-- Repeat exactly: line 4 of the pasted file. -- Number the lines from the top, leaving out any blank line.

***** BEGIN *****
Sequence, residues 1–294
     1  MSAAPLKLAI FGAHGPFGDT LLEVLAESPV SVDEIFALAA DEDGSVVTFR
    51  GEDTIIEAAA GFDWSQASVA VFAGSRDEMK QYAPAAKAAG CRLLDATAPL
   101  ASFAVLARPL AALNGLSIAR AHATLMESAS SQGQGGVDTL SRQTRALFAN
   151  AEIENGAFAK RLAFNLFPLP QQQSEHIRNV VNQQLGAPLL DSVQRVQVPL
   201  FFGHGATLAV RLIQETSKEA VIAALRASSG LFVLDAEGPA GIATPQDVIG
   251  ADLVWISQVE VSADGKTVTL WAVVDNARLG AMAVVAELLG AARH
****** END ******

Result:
   101  ASFAVLARPL AALNGLSIAR AHATLMESAS SQGQGGVDTL SRQTRALFAN